Motherboard: AT&T and Verizon are lobbying for rule changes that will strangle smaller competitors, making US broadband competition even worse.
Like the Rural Electrification Act of 1936, expanding rural broadband should have been the next biggest thing. But Republicans have put telecom profits before American entrepreneurship. It numbs the mind that almost nothing is being done because it cost too much? This is the federal government's responsibility now, since "the marketplace" not just failed, but hasn't done squat.
Telecoms are seeking to repeal this:
A key part of the 1996 Telecommunications Act required that entrenched ISPs needed to sell access to their copper-line infrastructure—also known as unbundled network elements (UNEs)—to smaller competitors at regulated rates. The goal was to foster broadband competition by giving small ISPs a leg up in a market with often impossible barriers to entry (both political and financial).
But Big Telecom make it all difficult:
ILECs (incumbent local exchange carriers) like AT&T and Verizon traditionally made getting access to their networks as cumbersome and difficult as possible, then pointed to the resulting difficulties as evidence the plan wasn’t working. ILEC lobbyists also eroded many of the sharing requirements for telco fiber and cable networks with the help of the Supreme Court.What we're missing out on? Much lower prices like in France...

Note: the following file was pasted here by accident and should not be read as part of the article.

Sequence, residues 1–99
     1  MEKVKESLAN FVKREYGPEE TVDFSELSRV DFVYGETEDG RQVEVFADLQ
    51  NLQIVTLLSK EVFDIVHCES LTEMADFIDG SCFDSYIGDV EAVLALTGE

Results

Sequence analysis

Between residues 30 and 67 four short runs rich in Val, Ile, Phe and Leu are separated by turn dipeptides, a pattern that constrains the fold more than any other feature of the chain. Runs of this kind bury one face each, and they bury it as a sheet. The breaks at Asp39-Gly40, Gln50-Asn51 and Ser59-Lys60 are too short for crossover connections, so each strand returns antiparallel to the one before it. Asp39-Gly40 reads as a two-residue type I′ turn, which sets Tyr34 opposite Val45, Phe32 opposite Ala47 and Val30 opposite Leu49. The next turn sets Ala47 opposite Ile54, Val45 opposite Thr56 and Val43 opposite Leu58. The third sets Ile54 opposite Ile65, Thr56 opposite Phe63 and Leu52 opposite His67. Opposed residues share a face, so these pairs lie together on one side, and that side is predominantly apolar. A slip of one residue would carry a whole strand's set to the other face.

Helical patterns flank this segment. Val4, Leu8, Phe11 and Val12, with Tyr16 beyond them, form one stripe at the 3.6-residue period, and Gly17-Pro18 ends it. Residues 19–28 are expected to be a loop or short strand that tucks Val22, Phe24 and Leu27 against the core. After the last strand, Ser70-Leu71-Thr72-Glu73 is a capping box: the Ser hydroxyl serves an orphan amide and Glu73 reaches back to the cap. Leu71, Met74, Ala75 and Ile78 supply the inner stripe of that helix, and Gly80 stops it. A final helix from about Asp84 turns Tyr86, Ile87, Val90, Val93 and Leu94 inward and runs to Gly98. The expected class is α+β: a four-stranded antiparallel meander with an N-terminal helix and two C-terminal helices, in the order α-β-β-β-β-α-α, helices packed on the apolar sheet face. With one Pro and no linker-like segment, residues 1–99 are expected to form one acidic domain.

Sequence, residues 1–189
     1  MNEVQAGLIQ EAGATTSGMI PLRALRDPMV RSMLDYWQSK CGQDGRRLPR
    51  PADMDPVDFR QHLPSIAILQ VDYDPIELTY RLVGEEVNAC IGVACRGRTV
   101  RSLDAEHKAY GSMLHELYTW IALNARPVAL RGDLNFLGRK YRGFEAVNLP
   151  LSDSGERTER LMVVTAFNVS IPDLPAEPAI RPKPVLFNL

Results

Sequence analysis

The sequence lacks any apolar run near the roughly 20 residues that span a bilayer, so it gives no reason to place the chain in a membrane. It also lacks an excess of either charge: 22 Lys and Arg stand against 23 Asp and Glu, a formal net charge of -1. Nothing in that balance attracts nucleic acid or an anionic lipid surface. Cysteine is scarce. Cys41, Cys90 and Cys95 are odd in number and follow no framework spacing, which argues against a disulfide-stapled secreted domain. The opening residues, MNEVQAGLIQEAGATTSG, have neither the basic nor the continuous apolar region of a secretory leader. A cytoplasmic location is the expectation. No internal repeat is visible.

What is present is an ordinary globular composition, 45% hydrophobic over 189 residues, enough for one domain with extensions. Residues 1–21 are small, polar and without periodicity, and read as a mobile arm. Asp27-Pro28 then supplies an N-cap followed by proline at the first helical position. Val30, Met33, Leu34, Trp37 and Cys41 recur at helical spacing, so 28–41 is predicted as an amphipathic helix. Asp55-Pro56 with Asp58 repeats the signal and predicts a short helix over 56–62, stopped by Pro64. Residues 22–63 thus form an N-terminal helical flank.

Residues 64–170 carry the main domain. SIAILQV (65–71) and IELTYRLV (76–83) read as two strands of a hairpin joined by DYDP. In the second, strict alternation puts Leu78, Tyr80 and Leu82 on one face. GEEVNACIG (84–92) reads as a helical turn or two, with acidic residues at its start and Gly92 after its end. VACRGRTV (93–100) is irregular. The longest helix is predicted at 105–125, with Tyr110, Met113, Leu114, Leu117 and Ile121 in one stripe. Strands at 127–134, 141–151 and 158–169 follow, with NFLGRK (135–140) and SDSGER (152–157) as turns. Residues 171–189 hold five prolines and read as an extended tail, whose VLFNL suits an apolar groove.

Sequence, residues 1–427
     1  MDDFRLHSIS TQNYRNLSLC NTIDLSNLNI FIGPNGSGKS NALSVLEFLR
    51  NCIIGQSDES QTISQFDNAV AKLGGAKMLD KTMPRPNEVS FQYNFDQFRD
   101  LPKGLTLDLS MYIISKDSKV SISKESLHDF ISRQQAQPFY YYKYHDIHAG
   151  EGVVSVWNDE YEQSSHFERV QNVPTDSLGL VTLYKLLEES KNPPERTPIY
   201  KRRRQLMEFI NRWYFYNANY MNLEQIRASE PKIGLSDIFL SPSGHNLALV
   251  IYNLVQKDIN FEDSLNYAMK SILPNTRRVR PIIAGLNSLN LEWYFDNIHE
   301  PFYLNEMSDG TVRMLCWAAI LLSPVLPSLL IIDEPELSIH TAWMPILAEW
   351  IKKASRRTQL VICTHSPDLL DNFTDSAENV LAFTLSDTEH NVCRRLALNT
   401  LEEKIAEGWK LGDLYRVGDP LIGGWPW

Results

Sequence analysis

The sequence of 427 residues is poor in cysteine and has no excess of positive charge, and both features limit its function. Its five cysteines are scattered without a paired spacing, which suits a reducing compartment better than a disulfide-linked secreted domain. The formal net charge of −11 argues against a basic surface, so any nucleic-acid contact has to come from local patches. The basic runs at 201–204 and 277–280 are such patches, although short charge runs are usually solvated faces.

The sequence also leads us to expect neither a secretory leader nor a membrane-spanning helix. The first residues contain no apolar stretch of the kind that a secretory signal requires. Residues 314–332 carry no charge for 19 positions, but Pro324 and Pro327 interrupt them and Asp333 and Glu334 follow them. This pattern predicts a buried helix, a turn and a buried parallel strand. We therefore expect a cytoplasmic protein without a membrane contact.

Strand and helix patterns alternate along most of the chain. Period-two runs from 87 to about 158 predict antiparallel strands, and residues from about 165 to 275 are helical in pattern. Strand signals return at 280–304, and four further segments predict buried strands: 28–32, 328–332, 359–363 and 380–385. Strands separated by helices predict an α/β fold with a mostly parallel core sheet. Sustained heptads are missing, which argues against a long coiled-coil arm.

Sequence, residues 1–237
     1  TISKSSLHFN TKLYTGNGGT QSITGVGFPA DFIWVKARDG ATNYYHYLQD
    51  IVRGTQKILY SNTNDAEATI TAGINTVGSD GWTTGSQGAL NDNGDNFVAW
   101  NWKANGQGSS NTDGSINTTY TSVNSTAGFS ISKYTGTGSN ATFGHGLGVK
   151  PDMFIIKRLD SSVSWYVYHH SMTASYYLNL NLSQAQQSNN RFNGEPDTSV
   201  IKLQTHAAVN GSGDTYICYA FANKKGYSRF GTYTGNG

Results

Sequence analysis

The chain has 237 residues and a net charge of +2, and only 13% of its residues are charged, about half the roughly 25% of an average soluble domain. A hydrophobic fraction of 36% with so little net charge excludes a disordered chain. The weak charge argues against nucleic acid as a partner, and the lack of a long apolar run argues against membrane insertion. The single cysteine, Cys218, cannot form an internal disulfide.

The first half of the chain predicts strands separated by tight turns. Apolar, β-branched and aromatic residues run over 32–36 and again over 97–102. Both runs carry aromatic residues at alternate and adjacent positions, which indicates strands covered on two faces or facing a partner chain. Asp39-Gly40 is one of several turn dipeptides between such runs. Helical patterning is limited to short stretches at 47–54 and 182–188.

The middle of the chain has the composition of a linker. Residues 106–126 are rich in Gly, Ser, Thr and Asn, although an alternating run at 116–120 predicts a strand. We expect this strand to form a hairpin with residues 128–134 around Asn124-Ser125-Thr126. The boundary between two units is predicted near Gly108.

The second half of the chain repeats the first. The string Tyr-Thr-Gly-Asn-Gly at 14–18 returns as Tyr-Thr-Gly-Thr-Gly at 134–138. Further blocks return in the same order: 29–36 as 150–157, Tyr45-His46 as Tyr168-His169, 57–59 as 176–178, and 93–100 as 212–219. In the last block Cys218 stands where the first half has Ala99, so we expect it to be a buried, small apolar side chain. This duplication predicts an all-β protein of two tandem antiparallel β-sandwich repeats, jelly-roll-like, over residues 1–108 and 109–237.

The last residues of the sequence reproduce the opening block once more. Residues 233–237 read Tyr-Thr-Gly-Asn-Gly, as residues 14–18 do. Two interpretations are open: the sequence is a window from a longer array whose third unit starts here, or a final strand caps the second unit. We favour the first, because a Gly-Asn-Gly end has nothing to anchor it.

As the United States slowly discarded the line-sharing plan, other countries embraced it to great success. It’s a major reason why someone in Paris can now get 100 Mbps broadband, TV, and phone service for around $60 per month (or less), while Americans now pay some of the highest prices in the developed world for the same services.This is an in your face broadband plundering by Big Telecom, at least while Republicans in charge. Keep voting for Trump Party politicians if you want to pay a lot more for cable, or who knows, maybe price you out the internet completely:
But FCC data shows the US broadband competition at higher speeds is virtually nonexistent, something that’s only getting worse as telcos like AT&T and Verizon refuse to upgrade aging DSL lines, giving cable operators like Comcast and Charter a greater broadband monopoly in countless markets nationwide. That lack of competition in turn drives sky high prices, terrible customer service, and even net neutrality violations.
Dane Jasper, CEO of San Francisco-based Sonic:“When incumbents build fiber to the homes and businesses themselves, they can retire copper and eliminate the competitive unbundling obligations,” he notes, creating a “race to build.” “If incumbents can eliminate competitive access without themselves building fiber, that will set communities back, and slow deployment by both incumbents and competitors,” says the CEO.
In a June letter to US Senator John Thune, smaller providers warned that AT&T is seeking price hikes as high as 15% on broadband services should the petition be approved by the FCC.